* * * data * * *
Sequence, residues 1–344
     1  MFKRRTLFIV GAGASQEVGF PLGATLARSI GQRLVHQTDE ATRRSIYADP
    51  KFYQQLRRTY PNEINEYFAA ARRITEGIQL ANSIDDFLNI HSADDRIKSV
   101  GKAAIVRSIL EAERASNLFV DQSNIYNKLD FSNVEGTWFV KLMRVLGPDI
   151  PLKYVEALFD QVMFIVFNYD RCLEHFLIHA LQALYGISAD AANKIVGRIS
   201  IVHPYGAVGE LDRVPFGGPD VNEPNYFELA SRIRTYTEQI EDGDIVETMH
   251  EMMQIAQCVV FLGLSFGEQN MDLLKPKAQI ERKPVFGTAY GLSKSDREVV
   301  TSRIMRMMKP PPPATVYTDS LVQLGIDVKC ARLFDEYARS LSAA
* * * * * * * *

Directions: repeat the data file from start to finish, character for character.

Sequence, residues 1–344
     1  MFKRRTLFIV GAGASQEVGF PLGATLARSI GQRLVHQTDE ATRRSIYADP
    51  KFYQQLRRTY PNEINEYFAA ARRITEGIQL ANSIDDFLNI HSADDRIKSV
   101  GKAAIVRSIL EAERASNLFV DQSNIYNKLD FSNVEGTWFV KLMRVLGPDI
   151  PLKYVEALFD QVMFIVFNYD RCLEHFLIHA LQALYGISAD AANKIVGRIS
   201  IVHPYGAVGE LDRVPFGGPD VNEPNYFELA SRIRTYTEQI EDGDIVETMH
   251  EMMQIAQCVV FLGLSFGEQN MDLLKPKAQI ERKPVFGTAY GLSKSDREVV
   301  TSRIMRMMKP PPPATVYTDS LVQLGIDVKC ARLFDEYARS LSAA